They are fulfilling an undying and faithful commitment to ‘'duty, honor, country” for every American no matter how they look or what they believe.

Today, these military heroes are joining countless millions of other American heroes in the brutal war against an adversary we call “Coronavirus or COVID-19.

The list of these patriotic heroes is long and consists of American warriors from every walk of life. They include:

  • Doctors, nurses, and other medical workers and support personnel,
  • Hospitals, nursing homes, and pharmacies,
  • Law enforcement and first responders,
  • Truckers and warehouse stockers,
  • Supermarkets and local grocery/convenience stores,
  • Restaurants and fast food chains who are finding creative ways to feed us and provide some degree of normalcy in our lives,
  • School systems for developing creative methods to teach our children,
  • Volunteers who are courageously putting others above self,
  • Corporations and small business who are “retooling” operations to make respirators, masks, and other personal protective equipment,
  • City, county, state, and national government bodies,
  • Broadcast and print media outlets, and
  • The millions of Americans who are faithfully committing to “social distancing” to combat the spread of this insidious and deadly disease.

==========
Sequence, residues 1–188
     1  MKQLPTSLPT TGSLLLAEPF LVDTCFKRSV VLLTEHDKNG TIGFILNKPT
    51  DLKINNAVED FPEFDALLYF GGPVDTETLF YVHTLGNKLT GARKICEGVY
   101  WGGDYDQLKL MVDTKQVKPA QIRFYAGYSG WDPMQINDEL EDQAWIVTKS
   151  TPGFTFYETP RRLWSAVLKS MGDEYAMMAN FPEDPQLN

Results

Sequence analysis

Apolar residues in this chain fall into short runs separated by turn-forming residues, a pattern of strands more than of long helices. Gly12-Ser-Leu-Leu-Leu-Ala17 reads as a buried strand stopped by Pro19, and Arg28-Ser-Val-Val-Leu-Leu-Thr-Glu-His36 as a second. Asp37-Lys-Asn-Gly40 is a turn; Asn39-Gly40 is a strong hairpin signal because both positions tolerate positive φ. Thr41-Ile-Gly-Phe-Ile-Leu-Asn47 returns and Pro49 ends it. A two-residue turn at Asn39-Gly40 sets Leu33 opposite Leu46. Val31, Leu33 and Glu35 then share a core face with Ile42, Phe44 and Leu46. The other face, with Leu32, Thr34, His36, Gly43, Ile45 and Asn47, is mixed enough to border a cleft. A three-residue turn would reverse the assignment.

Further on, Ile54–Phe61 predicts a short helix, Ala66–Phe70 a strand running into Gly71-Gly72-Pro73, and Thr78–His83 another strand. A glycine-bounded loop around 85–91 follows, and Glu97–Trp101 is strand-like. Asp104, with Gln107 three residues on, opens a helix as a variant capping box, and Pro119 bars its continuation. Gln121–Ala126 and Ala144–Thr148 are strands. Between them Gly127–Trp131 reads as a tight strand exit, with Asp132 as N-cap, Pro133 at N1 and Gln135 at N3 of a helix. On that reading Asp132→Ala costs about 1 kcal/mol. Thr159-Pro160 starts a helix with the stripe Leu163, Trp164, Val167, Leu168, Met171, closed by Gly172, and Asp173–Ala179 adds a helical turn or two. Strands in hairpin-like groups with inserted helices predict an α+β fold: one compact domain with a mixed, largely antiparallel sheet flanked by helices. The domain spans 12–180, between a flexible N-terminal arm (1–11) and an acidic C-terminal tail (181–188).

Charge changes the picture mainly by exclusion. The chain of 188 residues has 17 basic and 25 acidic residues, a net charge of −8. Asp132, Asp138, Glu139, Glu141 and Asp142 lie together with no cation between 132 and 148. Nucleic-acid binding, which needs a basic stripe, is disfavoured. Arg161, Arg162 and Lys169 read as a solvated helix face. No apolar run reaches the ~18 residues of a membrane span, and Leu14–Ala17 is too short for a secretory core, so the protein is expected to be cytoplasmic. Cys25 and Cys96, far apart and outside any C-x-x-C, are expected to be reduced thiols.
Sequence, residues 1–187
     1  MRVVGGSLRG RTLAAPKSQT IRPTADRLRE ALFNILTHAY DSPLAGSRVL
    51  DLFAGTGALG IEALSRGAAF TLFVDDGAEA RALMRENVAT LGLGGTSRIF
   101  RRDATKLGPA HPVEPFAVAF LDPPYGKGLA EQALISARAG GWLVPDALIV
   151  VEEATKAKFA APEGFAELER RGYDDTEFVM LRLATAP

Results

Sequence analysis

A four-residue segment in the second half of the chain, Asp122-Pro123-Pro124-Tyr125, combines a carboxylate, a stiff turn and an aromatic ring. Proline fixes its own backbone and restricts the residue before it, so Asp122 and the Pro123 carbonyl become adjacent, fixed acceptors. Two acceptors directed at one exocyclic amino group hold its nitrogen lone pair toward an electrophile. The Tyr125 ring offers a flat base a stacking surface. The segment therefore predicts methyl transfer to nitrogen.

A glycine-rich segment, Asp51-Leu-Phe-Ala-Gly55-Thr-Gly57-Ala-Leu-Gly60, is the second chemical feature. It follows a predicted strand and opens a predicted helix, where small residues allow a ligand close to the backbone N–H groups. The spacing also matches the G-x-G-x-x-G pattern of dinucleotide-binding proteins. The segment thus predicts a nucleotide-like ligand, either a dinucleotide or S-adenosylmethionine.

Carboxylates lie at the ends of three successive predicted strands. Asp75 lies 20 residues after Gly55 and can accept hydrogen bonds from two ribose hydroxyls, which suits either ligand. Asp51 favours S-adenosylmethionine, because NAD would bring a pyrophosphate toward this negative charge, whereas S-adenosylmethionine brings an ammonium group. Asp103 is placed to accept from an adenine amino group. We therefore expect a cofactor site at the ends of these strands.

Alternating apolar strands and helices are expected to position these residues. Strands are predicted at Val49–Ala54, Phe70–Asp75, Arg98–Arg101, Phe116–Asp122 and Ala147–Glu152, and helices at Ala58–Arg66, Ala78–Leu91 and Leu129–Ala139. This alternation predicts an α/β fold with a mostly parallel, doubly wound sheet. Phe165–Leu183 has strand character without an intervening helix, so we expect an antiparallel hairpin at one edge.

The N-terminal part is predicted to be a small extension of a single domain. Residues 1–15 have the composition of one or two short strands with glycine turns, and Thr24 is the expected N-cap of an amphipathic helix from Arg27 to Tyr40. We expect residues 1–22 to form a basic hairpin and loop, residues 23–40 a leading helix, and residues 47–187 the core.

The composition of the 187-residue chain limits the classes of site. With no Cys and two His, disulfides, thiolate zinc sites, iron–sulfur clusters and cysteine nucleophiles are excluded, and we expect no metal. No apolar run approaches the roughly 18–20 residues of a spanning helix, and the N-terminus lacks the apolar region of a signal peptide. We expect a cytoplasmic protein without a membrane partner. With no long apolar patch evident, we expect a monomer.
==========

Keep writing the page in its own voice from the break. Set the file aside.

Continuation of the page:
Got the picture? We are all in this battle together. Sadly, just like every other war: “Some are giving some while others are giving all.”

Let us continue together as “One Nation Under God” in faithful commitment to “duty, honor, country” in fighting this war against humanity.

I am confident we will defeat this brutal enemy and come out stronger with renewed respect for one another. I know we can do it; I have to believe; I can do no other.

God Bless America!

Robert W. Wilford

City of Alachua

There is no legitimate argument for making this change now and sending government further into a black hole and out of the light.

If you haven’t heard, the Florida Legislature is attempting to abolish the requirement that governmental agencies publish legal notices in newspapers, which would push government further into the shadows and make it harder for Floridians to learn about public policy issues, make their voices heard and hold their leaders accountable. This bill, HB 7 is scheduled to be heard by the full House on Tuesday.